New Jersey Governor Chris Christie 'Not Looking to be Loved'

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WASHINGTON, D.C. - New Jersey Governor Chris Christie says his record in the Garden State is evidence that divided government doesn't have to mean gridlock, when leaders make the right "tough choices."

At a biannual dinner of Washington's libertarian Cato Institute Friday night, Christie told the crowd it was the duty of lawmakers to tell the truth about the nation's economic problems, or risk lengthening the fiscal fallout.

"When you're looking for love in this job, that's when deficits get run up," Christie said. "When you're looking for love in this job, it's because you can't say no to anything because someone somewhere won't love you if you do."

Christie said he was "not looking to be loved" in his state, recounting his administration's cuts to veterans' programs, education, and public employee benefits; examples of so called "third-rails" in politics. The Republican called the slashed budgets "common sense reforms, but tough ones."

"They said this was going to be impossible to do but we did it," he continued, "And we did it because we went out to the public and we told them why it was so important."

Christie boasted his budget plans eventually drew the support of his democratic-controlled state legislature, including its leadership.

"Don't tell me the American people are not ready to hear the truth. They know our government's out of control, they know our debt and our deficits are out of control. And don't confuse them liking the solution with accepting it."

Christie said when presented with the facts, voters "know in their heart" to accept the right solution.

According to Christie, his administration is set to return $132 billion in budget savings over 30 years, while delivering the first income tax break for New Jersey residents in over a decade.

Friday's event dovetails with speculation that Christie could enter the presidential race as a potential running mate for the presumptive Republican nominee, Mitt Romney.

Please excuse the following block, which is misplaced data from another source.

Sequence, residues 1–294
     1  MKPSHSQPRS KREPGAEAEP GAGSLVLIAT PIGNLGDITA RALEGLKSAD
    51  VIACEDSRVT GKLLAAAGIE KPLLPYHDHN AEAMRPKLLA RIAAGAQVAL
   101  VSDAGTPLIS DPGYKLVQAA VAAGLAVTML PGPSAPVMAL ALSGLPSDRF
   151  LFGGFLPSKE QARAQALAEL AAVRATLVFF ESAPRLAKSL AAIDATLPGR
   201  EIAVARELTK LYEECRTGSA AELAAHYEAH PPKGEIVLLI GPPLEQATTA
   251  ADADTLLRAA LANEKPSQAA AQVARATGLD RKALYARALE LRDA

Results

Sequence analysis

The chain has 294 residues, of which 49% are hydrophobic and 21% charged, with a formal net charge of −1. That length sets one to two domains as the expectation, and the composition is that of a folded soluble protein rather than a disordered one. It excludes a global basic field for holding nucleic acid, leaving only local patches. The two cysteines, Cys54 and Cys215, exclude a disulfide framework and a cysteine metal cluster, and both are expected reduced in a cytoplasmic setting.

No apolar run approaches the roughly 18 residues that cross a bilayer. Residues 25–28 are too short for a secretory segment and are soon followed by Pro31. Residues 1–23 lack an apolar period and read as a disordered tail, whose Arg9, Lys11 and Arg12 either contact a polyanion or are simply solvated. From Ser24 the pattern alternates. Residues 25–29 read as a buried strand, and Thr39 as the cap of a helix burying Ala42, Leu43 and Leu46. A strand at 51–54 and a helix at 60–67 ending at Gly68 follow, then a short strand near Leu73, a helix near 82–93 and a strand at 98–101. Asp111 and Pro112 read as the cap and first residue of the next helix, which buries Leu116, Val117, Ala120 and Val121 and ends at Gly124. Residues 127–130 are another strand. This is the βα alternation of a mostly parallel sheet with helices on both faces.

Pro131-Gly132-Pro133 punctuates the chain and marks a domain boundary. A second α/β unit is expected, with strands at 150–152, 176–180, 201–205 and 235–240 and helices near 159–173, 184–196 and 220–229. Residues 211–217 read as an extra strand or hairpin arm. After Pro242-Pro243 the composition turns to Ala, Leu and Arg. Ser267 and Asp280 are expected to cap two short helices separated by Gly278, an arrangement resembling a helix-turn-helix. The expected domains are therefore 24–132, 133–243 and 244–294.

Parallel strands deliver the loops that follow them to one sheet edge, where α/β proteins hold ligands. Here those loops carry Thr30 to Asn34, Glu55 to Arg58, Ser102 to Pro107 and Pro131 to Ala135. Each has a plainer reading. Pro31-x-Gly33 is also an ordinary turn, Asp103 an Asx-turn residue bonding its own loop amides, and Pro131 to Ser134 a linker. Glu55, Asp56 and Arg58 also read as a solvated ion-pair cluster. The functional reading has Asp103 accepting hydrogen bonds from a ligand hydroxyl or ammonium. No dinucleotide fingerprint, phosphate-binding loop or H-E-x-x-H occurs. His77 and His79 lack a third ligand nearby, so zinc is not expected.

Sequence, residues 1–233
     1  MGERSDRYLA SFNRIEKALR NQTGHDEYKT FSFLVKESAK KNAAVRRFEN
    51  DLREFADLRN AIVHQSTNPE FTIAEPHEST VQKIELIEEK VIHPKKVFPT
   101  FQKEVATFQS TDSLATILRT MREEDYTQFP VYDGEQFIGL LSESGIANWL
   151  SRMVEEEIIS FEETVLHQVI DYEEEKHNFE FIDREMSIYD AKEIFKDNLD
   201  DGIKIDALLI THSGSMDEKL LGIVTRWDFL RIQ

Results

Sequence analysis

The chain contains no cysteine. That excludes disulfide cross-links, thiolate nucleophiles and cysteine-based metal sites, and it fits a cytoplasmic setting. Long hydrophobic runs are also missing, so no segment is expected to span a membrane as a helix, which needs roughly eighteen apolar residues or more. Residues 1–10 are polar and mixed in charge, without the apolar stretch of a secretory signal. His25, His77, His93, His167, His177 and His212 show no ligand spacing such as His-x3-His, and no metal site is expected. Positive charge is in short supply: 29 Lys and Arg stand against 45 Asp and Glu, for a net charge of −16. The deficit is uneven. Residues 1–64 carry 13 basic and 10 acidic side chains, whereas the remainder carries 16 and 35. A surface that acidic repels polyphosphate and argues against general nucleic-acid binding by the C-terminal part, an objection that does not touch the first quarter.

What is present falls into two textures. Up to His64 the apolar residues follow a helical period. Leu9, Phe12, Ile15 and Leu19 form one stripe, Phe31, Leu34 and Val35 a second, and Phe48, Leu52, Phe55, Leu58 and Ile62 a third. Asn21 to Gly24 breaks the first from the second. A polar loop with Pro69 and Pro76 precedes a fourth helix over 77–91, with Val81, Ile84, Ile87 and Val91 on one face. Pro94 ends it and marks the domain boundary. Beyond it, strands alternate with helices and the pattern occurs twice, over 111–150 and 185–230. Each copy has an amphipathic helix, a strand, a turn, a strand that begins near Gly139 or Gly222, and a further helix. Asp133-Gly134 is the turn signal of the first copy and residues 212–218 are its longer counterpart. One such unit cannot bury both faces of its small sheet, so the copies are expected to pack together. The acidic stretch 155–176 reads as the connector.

For months, the Republican governor had denied calls to enter the GOP primaries, from supporters hoping to draw on his reputation as an outspoken and frank personality.

Christie repeatedly assured speculators he intended to fulfill the rest of his term, set to end in 2014. But in the last few weeks he's confessed he was open to the VP slot; most recently on Monday he told a New Jersey high school class that Romney "might be able to convince me," to share a ticket. Romney, Christie continued, is a "convincing guy."

The governor officially endorsed Romney in October and has campaigned with him across multiple states. Christie did not mention the upcoming election during his speech, and only commented on President Obama briefly.

"I remember Barack Obama talking about the lack of hope and optimism around the country in 2008," he said. "The environment I found myself in, in 2009, was not significantly different. Although he and I find the solutions to that problem in entirely different ways."

The Cato Institute is a think tank focused on individual liberties and free-market economics. The organization's gala gathering that night was to award a Chinese activist, Mao Yushi, with their Milton Friedman Prize for his work advocating a Western-style economy in Beijing.

While the governor's keynote address stayed predominantly on national issues, he did venture into broad foreign policy spurts during his roughly 40 minutes behind the podium. Christie said domestic "political sideshows" threatened to deteriorate America's standing abroad.

"There's no better way to prescribe other societies around the world to become more democratic and more market oriented than to show that our democracy, and our markets, work better than any other system," he said.